The Santa Ana City Council Tuesday night is scheduled to consider hiring a consultant to study alternative uses for the city jail, a major step toward canceling a highly controversial deal in which the city rents jail beds to the U.S. Immigration and Customs Enforcement (ICE) for immigration detainees.
Santa Ana’s ICE contract has been a source of outrage for Latino activists who consider it unconscionable for a heavily Latino city to be doing business with a government agency that they say breaks up families and routinely jails city residents.
But city leaders have always maintained that they have to rent beds to ICE because the jail has operated at a substantial deficit – with some years dipping millions of dollars into the red – which must be offset so it’s not a major drain on the city budget.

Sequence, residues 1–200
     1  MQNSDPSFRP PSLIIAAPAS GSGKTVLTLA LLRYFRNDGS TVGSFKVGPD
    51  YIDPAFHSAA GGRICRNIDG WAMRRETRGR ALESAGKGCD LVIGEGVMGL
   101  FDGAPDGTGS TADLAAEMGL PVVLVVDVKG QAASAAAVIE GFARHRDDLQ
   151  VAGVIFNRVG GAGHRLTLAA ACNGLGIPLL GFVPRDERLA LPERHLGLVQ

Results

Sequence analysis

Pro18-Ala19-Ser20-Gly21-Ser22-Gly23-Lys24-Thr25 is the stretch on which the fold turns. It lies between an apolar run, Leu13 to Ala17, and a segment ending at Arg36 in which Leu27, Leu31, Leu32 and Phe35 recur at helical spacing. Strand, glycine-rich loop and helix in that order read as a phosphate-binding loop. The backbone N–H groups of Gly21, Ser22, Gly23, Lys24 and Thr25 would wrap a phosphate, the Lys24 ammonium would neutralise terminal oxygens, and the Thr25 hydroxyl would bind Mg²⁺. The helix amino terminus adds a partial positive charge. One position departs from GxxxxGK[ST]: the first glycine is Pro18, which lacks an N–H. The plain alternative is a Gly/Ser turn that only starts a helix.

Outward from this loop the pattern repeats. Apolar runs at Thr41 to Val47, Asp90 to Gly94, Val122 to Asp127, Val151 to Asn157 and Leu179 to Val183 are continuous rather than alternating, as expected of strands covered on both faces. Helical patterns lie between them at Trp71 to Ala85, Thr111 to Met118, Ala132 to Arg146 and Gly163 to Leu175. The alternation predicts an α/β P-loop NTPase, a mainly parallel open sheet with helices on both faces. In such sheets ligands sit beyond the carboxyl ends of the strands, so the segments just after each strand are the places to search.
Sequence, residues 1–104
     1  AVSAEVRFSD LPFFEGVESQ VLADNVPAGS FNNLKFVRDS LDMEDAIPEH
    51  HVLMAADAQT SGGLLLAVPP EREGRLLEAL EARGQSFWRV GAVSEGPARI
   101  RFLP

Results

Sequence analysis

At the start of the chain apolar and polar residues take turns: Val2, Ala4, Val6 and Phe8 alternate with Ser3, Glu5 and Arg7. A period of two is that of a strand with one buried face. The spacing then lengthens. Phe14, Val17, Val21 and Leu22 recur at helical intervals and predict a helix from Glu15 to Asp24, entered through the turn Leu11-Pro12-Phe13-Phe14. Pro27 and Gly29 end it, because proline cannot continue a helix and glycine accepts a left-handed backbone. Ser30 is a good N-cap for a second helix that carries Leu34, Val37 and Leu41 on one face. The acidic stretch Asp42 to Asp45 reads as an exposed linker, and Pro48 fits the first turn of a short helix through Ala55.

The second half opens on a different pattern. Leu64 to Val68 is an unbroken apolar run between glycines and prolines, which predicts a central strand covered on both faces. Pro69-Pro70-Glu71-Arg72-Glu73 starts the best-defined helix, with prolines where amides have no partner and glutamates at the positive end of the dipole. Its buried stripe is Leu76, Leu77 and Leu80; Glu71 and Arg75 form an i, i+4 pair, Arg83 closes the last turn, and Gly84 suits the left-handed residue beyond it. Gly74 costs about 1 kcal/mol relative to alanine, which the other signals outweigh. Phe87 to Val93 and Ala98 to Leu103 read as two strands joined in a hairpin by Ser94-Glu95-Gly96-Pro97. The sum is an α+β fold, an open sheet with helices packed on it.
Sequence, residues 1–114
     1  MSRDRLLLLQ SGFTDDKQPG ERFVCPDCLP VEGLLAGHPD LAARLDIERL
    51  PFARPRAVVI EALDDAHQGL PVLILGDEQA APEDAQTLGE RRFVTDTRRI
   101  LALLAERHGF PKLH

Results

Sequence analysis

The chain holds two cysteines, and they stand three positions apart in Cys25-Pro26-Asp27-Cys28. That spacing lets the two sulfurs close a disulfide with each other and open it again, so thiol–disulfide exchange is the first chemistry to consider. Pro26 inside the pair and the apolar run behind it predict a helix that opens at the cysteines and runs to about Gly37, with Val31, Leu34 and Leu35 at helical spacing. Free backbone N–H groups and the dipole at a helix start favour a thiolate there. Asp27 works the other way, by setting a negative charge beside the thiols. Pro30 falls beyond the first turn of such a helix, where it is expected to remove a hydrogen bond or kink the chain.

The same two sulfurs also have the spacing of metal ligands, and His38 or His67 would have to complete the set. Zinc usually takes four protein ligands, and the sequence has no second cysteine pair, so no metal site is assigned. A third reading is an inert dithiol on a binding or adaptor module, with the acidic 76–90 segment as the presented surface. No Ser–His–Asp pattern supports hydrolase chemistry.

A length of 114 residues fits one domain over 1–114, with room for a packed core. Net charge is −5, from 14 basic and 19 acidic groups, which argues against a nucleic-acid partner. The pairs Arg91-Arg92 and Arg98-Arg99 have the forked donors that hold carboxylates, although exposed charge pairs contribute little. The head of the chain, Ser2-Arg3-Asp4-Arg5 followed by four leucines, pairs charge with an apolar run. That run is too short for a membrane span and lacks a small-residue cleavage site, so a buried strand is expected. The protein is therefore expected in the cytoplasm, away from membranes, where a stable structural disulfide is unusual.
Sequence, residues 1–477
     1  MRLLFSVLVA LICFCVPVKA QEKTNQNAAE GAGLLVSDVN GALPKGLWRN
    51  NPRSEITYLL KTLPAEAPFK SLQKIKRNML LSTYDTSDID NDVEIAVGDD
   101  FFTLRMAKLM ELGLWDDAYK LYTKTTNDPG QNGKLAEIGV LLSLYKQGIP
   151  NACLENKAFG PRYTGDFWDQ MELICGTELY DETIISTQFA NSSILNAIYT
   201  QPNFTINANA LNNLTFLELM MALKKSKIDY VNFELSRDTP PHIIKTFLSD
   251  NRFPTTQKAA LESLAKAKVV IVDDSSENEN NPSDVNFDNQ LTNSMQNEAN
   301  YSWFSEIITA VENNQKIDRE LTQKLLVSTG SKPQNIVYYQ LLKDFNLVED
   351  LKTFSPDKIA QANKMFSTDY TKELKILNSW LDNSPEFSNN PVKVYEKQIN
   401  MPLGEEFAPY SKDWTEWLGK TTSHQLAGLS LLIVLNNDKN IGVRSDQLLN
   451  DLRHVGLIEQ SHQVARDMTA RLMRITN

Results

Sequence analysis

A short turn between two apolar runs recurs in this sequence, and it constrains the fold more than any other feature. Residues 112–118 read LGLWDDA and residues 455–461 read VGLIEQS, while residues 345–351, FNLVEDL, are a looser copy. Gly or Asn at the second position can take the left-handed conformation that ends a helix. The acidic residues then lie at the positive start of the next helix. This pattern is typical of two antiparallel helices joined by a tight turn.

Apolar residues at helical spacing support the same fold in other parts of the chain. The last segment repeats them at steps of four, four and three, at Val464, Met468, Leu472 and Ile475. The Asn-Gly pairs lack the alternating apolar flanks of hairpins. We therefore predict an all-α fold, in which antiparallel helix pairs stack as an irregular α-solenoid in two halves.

Voice of OC also looked at the jail’s finances and found that, although it’s financially viable, shutting the jail down would be more expensive than keeping it open in the short-run.
The city jail also has space dedicated to holding undocumented immigrants who are LGBT. The arrangement is supposed to be more humane and protect these people from the general population. But activists say transgender women often face abuses – such as strip searches from male officers.
Council members in February shot down a proposal to expand the ICE contract and hold more LGBT inmates after activists flooded the council chambers. At the time, council members asked city staff to come up with proposals to operate the city jail without the ICE contract, and if that wasn’t possible, to “terminate” jail services altogether.
But such a move remains politically thorny. Dozens of jail employees are members of the Santa Ana Police Officers Association, and cutting their jobs will no doubt anger the police union.
Among the actions council is considering are issuing a request for qualifications to hire a consultant to conduct a jail “re-use study,” and authorizing the city manager to negotiate with the police union possible retirement incentives for full-time jail employees.